1. The economic decline is largely due to the decline in Tourism. The recovery of this dominant sector is expected to be protracted with performance unlikely to revert to pre-pandemic levels before 2023.

2. The pandemic has resulted in a drastic reduction in jobs and incomes, lower government revenues and elevated unemployment.

5.0 Programme of Action for Recovery and Resilience

The Council agreed that the COVID-19 pandemic offers an opportunity to unite around a Programme of Action for making the region’s economies more competitive, productive and resilient.  The Programme of Action will include the following:

  1. Enactment of modern insolvency and bankruptcy legislation to support the efficacious restructuring of businesses to protect jobs and to preserve financial stability;
  2. Determination of the optimal regulatory framework for the financial system of the ECCU and the enactment of a financial stability framework;
  3. Fast-tracking of the Caribbean Digital Transformation Programme;
  4. Launch of the EC Digital Currency (Cash) Pilot with an early expansion to all eight member countries;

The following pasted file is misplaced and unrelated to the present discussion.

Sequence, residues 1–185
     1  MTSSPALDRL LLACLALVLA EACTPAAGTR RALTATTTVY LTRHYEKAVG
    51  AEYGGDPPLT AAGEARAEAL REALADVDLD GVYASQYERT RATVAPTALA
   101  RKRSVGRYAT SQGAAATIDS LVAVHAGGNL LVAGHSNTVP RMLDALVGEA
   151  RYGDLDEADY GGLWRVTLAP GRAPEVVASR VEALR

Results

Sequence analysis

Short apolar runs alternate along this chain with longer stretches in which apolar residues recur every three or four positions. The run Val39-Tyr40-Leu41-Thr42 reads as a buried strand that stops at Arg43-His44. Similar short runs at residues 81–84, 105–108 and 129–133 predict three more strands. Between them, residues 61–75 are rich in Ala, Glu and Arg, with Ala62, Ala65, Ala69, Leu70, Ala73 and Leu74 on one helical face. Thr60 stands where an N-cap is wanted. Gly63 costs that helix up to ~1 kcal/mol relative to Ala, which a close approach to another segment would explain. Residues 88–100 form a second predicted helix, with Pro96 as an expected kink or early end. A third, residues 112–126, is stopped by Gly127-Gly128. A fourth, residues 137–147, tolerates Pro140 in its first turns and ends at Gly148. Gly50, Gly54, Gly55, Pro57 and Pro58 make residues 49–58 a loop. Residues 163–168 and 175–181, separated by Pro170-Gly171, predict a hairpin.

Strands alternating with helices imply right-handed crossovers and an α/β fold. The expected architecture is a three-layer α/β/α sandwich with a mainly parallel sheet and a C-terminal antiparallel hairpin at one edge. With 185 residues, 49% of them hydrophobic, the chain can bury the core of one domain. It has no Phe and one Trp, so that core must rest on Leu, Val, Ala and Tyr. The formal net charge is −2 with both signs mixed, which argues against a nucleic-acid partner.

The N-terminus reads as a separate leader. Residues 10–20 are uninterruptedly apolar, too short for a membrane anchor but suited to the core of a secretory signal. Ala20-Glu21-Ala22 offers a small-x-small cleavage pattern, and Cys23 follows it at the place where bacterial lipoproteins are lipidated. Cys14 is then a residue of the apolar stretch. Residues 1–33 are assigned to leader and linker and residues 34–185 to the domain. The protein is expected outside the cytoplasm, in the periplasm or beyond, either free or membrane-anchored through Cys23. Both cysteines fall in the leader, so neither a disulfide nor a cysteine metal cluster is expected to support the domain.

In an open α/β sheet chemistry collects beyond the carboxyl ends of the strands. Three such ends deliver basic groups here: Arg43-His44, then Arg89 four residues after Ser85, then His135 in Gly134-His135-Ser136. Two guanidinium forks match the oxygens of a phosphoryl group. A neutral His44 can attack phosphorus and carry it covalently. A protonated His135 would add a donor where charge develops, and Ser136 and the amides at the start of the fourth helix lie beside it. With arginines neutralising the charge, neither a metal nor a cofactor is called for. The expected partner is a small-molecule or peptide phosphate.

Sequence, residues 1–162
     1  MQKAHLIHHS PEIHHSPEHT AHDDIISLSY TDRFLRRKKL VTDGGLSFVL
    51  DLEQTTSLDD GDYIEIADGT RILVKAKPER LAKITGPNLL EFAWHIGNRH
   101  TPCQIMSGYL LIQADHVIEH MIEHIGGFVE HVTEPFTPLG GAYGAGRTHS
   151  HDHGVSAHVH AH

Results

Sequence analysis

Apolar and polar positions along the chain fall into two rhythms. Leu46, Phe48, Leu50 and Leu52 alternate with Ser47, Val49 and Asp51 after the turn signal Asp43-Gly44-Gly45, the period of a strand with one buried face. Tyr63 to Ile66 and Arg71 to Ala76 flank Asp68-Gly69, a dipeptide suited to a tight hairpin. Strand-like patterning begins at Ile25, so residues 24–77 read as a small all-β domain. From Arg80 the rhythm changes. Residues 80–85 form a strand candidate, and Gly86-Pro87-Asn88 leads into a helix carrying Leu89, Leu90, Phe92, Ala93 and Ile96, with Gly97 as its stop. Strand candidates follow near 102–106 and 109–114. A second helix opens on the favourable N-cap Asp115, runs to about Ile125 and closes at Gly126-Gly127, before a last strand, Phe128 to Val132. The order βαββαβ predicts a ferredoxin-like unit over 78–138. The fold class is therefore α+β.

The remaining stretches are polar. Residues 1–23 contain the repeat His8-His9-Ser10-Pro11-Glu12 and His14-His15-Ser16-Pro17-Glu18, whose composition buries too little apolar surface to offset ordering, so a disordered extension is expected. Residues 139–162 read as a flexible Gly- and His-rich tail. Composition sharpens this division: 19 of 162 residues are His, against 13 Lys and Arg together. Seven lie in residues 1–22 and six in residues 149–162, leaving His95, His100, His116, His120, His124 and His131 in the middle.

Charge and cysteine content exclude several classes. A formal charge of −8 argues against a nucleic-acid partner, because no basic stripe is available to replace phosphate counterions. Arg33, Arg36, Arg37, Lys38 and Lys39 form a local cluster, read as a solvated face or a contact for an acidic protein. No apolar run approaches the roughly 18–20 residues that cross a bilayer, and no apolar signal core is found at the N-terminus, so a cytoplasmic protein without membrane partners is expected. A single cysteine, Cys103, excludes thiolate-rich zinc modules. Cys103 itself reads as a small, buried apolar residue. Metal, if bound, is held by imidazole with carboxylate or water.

5. Enactment of modern Payment System and Services legislation; and
  6. Enactment of all outstanding legislation already approved by the Monetary Council including the Credit Reporting Bill.
  • Enhanced Coordination for Collective Action

In the context of the significant challenges facing the ECCU, the Council agreed to convene more frequently to address matters of critical importance and to work even more closely with the OECS Commission.  The areas to be addressed at the upcoming Special Meetings would include:

  1. Tourism
  2. Labour Markets
  3. Digital Transformation
  4. Business Support;
  5. Citizen by Investment Programmes (CIP)
  • Report from the Technical Core Committee on Insurance (BAICO and CLICO)

BAICO

The Council approved a funding proposal of US$1.4 million to support the payment of outstanding claims to 250 policyholders under the Policyholder Assistance Scheme (PAS), which was established in 2013 when SAGICOR purchased the portfolio.  The PAS was established to help settle surrenders, maturities, claims, and bonus payments owed to policyholders at the time of sale.

CLICO  

The Council was updated on the steps being taken to pursue and protect the interest of ECCU policyholders by pursuing an application, under Section 60 of the Barbados Insurance Act, for the winding up of CLICO International Life Insurance Co. Ltd.